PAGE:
How much do these winter weather fails cost us?
11:53 AM EST on January 16, 2017
Is everyone still alive?
As you know, the Oklahoma City area was hit with another massive ice storm this past weekend, leaving 1.5-million citizens without electricity, running water and the will to live. As a result, martial law has been declared in Oklahoma County, and Mary Fallin has called the national guard to conduct search and rescue missions, shoot looters and thieves, and coordinate air drops of bread, milk and Emily Sutton's leftover Oreos to residents trapped in the hardest hit neighborhoods.
Okay, I made all of that up, but it sounds pretty damn believable when you look back at this past week's weather coverage. Just like the "Snowless Snowday" of 2015 and "Christmas Blizzard Fizzle" of 2012, our local for-profit media once again spent an entire week irresponsibly hyping a doomsday winter weather event for the Oklahoma City metro that didn't happen.
You'd think after fooling us so many times over the years that we'd all eventually wise up, avoid temptation, and take everything the weather guessers say with a grain of de-icing salt, but no, not here in Oklahoma. This is for three reasons:
1. As our election results and academic rankings show, Oklahomans are not very smart.
2. Oklahomans actually value the usually wrong analysis of meteorologists who get hired and fired based on how many people they can get to look at their employer's TV channel, website or social media account.
3. Most Oklahomans are lazy and want a random day off, even it means we don't get paid.
On the topic of #3, I have a serious question...
How much do these winter weather fails cost us in lost productivity and wages? Despite hardly any precip falling in Oklahoma City, major school districts, government offices and businesses were all closed on Friday thanks to forecasts like this...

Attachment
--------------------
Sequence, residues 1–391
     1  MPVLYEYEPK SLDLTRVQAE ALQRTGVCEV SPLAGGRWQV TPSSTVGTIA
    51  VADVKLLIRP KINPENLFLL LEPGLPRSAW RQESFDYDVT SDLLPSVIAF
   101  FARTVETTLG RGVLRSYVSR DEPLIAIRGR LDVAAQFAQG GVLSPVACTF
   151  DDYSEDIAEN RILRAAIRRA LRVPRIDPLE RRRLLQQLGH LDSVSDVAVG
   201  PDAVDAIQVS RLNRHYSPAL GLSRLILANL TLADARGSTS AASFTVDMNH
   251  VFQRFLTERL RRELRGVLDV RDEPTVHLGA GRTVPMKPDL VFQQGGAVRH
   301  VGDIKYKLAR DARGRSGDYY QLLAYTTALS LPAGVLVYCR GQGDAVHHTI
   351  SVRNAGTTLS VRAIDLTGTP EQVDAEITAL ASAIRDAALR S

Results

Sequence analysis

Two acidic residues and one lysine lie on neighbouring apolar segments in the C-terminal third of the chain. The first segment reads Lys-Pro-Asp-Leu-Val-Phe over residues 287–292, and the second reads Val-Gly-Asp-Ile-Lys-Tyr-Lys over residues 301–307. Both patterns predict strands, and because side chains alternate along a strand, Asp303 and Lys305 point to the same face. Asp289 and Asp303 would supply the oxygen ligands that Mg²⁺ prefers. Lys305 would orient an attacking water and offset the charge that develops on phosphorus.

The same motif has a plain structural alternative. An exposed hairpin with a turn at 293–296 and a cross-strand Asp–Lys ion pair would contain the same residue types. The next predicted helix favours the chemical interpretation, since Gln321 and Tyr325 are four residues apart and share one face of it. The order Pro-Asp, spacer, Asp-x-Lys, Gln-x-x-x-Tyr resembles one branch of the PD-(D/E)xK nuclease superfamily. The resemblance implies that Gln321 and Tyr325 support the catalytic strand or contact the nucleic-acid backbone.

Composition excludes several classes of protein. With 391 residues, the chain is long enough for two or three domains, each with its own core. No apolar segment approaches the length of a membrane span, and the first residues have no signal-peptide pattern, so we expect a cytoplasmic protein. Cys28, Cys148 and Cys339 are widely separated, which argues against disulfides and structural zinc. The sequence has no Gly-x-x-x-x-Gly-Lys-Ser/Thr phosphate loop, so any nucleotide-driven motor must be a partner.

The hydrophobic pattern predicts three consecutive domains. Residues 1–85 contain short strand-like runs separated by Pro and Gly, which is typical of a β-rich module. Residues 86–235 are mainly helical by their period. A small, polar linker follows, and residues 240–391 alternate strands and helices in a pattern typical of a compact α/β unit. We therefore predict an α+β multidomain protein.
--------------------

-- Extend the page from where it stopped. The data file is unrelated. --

In case you were locked away in a thermal-heated survival shelter over the weekend, the ice storm never materialized. Neither did this one. The weather forecasters were wrong about the metro...again. For the most part, roads were fine. I know because I was driving on them...
For example, at about 9:30 or so on Friday morning, I had a random craving for a Chick-Fil-A Spicy Chicken Biscuit. I don't get them very often, but what can I say, I enjoy perpetuating Oklahoma stereotypes.
So, I hopped in my car and drove over to the location at 63rd and May. As I pulled in the parking lot and towards the "Order Here" sign, I noticed there was no line in the drive thru – a minor miracle by Chick-Fil-A standards. Then some manager looking lady ran out from inside the lobby and waved at me. I rolled down my window:
"I'm sorry. We're closed!"
"What? Really? It's not even icy."
"Yes, we erred on the side of caution. We'll be reopening in about 30 minutes but we'll only have lunch."
"Oh... Thank you for letting me know!"
Side note: The Braum's omelette bagel is not a good replacement for a Chick-Fil-A Spicy Chicken Biscuit.
Chick-Fil-A isn't the only place that closed for no good reason. We cancelled our trivia night at Buffalo Wild Wings on Friday thanks to the repeated calls for ice to appear Friday night into Sunday morning. That sucks for me, my trivia hosts, the waitstaff, the owner of Buffalo Wild Wings and the team that was going to win. It also gets back to a question I asked earlier...
How much do these winter weather fails cost us in lost productivity and wages?
It has to be in the eight-figure range.
Winter weather has always been overhyped in this market, but social media has only made it worse. Until 2008, you could avoid the dire weather prognostications by simply turning off the TV and going on with your life. Now that luxury is gone. You can't check social media without being bombarded with scary graphics of pink and blue globs covering our state, or panic inducing graphics like this:
PREPARE GENERATORS!!! CHECK ON ELDERLY!!! NO POWER!!! Also, be sure to download the News 9 app to stay connected for more coverage of this winter weather apocalypse!
I know we all want to be safe and not sorry, but this madness has got to stop. Be smart. Be prepared. But don't let the people who are motivated by ratings, page views and app downloads shut down a city. They're exploitive and shouldn't have that power! It's time to make a stand against these winter weather hypers!
Well, at least until the next winter storm is supposed to hit. Once again, most of us are lazy and want a random day off.
If you have any solutions to the "Media Who Cried Winter Weather" problem that Oklahoma is dealing with, leave a comment.
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